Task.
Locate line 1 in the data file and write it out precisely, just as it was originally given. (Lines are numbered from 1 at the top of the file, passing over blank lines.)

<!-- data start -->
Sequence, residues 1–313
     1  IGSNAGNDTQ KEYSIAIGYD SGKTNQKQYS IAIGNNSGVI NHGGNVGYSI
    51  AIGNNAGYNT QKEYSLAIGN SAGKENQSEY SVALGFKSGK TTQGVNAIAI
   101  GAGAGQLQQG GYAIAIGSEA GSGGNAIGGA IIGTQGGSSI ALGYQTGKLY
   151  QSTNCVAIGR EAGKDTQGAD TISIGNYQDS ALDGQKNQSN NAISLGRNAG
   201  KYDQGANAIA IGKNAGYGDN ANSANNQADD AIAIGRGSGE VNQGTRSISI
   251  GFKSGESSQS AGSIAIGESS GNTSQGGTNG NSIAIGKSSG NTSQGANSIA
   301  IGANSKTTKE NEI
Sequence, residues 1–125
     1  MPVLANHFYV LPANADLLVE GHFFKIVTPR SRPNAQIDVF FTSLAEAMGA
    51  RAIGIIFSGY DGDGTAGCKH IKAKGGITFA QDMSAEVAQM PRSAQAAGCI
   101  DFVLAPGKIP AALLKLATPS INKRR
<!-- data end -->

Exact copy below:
Sequence, residues 1–313